Ontario’s health minister came under fire Tuesday for doing nothing to stop plans to pull the plug on long-term cardiac rehabilitation services in London.
With former health minister Deb Matthews not seeking re-election in her London North Centre riding, but backing a hospital plan to close the cardiac fitness institute, and Elgin-Middlesex-London MPP Jeff Yurek now demanding the institute be revived, the centre’s fate is likely to become a London issue in the June provincial election.
“Once again, we are seeing the results of years of Liberal cuts and underfunding to our health-care system,” said Yurek, the health critic for the opposition Progressive Conservatives.
Yurek said it’s “astonishing” the Liberal government would allow the London Health Sciences Centre (LHSC) program to close, given its low cost and how many patients it helps each year.
But questioned in the legislature Tuesday, Eric Hoskins dodged critical issues and made claims certain to rile the nearly 2,000 London patients who have relied on the Cardiac Fitness Institute.
“I know, as a fellow health-care professional, (we) need to allow our front-line health-care providers, our physicians, the entire complement, to make the best decisions based on evidence and quality of care,” Hoskins said during question period at Queen’s Park.
His claim seems odd since the doctor who has headed the fitness institute since 1981, Larry Patrick, has led the fight against its closing.
Patrick has said London Health Sciences Centre (LHSC) brass want to convert the facility, housed in a former church, to a meeting space.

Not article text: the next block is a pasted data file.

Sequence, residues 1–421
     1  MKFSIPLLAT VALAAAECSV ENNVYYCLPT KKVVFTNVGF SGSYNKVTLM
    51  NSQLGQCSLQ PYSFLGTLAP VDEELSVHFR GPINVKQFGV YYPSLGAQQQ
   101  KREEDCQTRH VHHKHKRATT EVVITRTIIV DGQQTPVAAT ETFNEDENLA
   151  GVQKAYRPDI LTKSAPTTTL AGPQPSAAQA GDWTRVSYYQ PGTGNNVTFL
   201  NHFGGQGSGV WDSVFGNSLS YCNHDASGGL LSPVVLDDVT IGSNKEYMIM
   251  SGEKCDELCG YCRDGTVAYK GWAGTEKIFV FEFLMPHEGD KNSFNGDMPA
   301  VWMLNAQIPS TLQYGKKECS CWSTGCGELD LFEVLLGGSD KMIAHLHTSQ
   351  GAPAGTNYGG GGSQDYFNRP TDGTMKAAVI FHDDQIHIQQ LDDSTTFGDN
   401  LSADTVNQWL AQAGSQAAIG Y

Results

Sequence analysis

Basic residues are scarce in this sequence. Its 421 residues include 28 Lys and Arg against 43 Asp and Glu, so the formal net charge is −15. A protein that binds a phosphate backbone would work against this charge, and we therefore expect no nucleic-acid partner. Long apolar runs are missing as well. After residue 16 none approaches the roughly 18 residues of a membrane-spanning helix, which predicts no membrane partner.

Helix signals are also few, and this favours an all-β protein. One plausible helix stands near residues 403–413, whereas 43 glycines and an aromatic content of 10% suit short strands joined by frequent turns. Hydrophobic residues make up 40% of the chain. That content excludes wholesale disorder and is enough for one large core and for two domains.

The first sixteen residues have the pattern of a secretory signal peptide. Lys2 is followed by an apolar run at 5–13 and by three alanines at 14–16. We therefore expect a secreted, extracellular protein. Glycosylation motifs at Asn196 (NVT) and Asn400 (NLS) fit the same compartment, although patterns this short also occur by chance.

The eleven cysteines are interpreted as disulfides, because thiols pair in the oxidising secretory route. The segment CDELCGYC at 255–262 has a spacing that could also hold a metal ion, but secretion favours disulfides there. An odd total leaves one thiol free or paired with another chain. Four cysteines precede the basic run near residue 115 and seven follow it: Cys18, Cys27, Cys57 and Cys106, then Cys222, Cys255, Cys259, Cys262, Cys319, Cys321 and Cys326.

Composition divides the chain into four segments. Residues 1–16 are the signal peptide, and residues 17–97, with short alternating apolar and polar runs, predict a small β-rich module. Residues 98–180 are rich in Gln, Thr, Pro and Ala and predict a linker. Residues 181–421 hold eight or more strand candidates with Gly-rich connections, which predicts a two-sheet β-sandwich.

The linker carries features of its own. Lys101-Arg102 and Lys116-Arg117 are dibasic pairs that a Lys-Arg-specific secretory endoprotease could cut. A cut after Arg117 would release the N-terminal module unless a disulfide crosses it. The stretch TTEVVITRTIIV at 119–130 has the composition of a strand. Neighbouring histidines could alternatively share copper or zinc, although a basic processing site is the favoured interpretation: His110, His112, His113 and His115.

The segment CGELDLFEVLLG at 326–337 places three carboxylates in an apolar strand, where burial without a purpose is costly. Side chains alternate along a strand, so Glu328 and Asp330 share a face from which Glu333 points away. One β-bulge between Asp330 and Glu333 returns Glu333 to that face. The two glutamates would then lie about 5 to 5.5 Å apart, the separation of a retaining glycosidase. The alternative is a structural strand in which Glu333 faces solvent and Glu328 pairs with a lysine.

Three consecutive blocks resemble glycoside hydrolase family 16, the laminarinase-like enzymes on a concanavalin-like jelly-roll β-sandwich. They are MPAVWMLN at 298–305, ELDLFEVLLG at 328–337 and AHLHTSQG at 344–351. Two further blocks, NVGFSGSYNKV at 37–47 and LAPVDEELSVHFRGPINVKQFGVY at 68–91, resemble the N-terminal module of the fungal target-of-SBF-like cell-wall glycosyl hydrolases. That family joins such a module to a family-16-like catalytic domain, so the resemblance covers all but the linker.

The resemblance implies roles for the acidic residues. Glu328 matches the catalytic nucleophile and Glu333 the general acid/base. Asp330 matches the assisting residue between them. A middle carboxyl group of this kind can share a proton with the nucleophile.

While Hoskins said he’s relying on the best evidence to limit cardiac fitness to six months at a program offered at St. Joseph’s Health Care in London, the only study to examine longer-term rehabilitation found that patient risk of dying was reduced greatly when their rehab lasts more than three years.
The study, published in June in the peer-reviewed journal of the British Cardiovascular Society, found that those in cardio rehab for more than three years were 60 per cent more likely to be alive 14 years later than those whose rehab ended after one year.
Yurek asked about the study in the legislature, but the health minister didn’t address it, instead saying he was relying on the judgment of the Cardiac Care Network.
But that network, now part of an agency called Corhealth Ontario, has never claimed six months of rehab is ideal — standards it developed in 2014 make no reference at all to how long rehab should be.
Ontario now only funds six months of cardiac rehab across the province, including at St. Joe’s. By comparison, the Cardiac Fitness Institute at LHSC doesn’t limit how long patients stay in the program, which includes supervised exercise, stress tests and counseling.
Officials at LHSC plan to phase out the cardiac program starting next month over the objections of patients and its lead, who point out the program typically has cost the hospital not more than $300,000 from a hospital budget of about $1.2 billion.
LHSC officials have defended the closing by claiming the best and most recent medical evidence supports a six-month program.
The hospital maintains the program doesn’t fall under the mandate of an acute care hospital such as LHSC, and that it recevies no funding to support such services and can no longer subsidize the program.
The planned closing next month has upset many heart patients in Southwestern Ontario, dozens of whom called and emailed The Free Press in the fallout of the decision, praising the work done at the cardiac program and imploring it be saved.